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The cloud does not exist

It is hard to do away with metaphors, and we shouldn’t always want to. But some metaphors are better than others. That’s why it’s always useful to pause when a metaphor becomes entrenched, and look critically at what work it is doing. What is the metaphor making us believe, and what is it hiding from sight?

A metaphor that very much deserves such critical treatment is the idea that our files and software are in ’the cloud'.

What is going on here? “The cloud is made up of servers in data centers all over the world,” you can find on the website of Cloudflare, one of the big players in cloud computing. “Moving to the cloud can save companies money and add convenience for users,” they write.

But they would write that, wouldn’t they? They’re after all a ‘cloud’ company.

Photo by Kaique Rocha: https://www.pexels.com/photo/person-standing-surrounded-with-smoke-37819/

Photo by Kaique Rocha

The cloud and the manifest image

It seems to have been back in 1996 when the term ‘cloud computing’ was coined. It was meant to describe a form of distributed computing. The idea behind distributed computing is that the processes behind your application or software, need not be on your own computer, but can be run elsewhere, at least in part. These processes can be bits of computation, or involve file storage and network management. But if not on your computer, where then do these processes take place? They’re in the cloud. Or so we’re supposed to think.

To use ’the cloud’ as this unspecific and somewhat esoteric reference to the location of where these processes take place has proven tremendously powerful. The idea that you can store your data in ’the cloud’ is by now more cliché than fresh metaphor.

‘The cloud’ has become part of the manifest image of twenty-first century culture. The term ‘manifest image’—itself a metaphor—was coined by the philosopher Wilfred Sellars. By using it I mean that ’the cloud’ has become part of how people understand computers in everyday practice. Recently I was on a government website that recommended to make safe backups of your personal data in ’the cloud.’ If an idea has reached government, it must be established indeed, right?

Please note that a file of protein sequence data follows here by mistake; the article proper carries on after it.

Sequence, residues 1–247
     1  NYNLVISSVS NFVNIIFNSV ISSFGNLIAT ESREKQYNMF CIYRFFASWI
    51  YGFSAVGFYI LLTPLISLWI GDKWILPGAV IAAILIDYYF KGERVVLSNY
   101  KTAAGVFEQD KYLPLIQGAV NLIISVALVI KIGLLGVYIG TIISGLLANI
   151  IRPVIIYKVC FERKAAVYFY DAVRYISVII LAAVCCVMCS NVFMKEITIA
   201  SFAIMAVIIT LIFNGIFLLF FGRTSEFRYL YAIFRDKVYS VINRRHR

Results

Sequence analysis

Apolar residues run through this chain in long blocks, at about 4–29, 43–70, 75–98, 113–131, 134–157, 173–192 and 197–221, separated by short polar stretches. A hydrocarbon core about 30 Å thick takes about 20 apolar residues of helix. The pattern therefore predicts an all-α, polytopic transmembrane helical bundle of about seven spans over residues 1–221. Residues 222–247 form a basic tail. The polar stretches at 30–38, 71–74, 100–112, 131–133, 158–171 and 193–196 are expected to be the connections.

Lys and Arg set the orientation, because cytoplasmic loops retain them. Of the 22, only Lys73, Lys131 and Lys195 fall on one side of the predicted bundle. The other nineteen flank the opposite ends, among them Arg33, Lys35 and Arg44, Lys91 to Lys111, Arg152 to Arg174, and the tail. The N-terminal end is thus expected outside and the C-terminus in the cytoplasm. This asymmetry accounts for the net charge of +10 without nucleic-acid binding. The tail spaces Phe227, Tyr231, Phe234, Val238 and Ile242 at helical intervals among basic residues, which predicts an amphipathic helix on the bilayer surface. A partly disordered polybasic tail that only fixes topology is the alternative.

Unpacking a metaphor

What is the metaphor of ’the cloud’ making us believe? It’s always hard to unpack the imagery of metaphor in words, but I think it’s at least this. That there is a massive virtual world somehow hovering over all of us, just as the meteorological clouds in the sky. ‘The cloud’ is a common resource, a phenomenon, something that transcends human activity or intention. Moreover, the metaphor makes us believe ’the cloud’ is a phenomenon all of us have access to, almost as if it was a recently discovered piece of nature.

I think we can even be more specific. Talking about ’the cloud’ gives the idea that we are dealing here with a technologically advanced version of the commons. The idea of the commons is often used to describe “the cultural and natural resources accessible to all members of a society, including natural materials such as air, water, and a habitable Earth.” Calling something a commons typically implies that it is a collective resource, something that belongs to us all: the fields, the oceans, the clouds.

Someone else’s computer

It sounds dreamlike, ethereal, as Rebecca J. Rosen wrote in the Atlantic. But when we talk about ’the cloud,’ ‘we are not talking about mist-like data hanging out in the ether, but massive computer servers, powered by generators, cooled by air conditioners, and stored in warehouses. More mechanical than magical.’

And I would add, more proprietary than communal. What people keep on calling ’the cloud’ does not belong to us all. It is far from a collective resource.

Whenever you put something in ’the cloud’, just say out loud to yourself that you’re putting it on someone else’s computer. This is a popular trope on Hacker News (a virtual water cooler for people working in tech). A quick search through the archives of Hacker News shows how pernicious the metaphor has become. Even though typically the forum users are critical of the metaphor, the term ’the cloud’ nonetheless gives you over 18000 hits on Hacker News alone. It shows how hard it is to escape the manifest image of a time.

‘The cloud’ is not neutral territory, but exactly the opposite. It is part of the hostile environment of for-profit data-mining. Alongside fossil fuels and health care, cloud-computing is a key site of capitalist economic expansion. It’s where your computer is turned into someone else’s source of revenue. This is what the metaphor of ‘cloud computing’ is hiding from sight. The data-centres you upload your photos to, the server that runs your scripts or software, is not just anyone’s machine. It’s most likely a machine owned by one of the monopoly players Amazon, Microsoft, Google, and Apple.

To be clear, I’m not opposed in principle to making money by offering computing services. But I am opposed to trying to pass off a privately owned and for-profit infrastructure as a shared and communal resource. It is not. There is no cloud. There’s just a clever way of making a lot of cash doing things that people could have (and should have) arranged publicly and communally amongst themselves.


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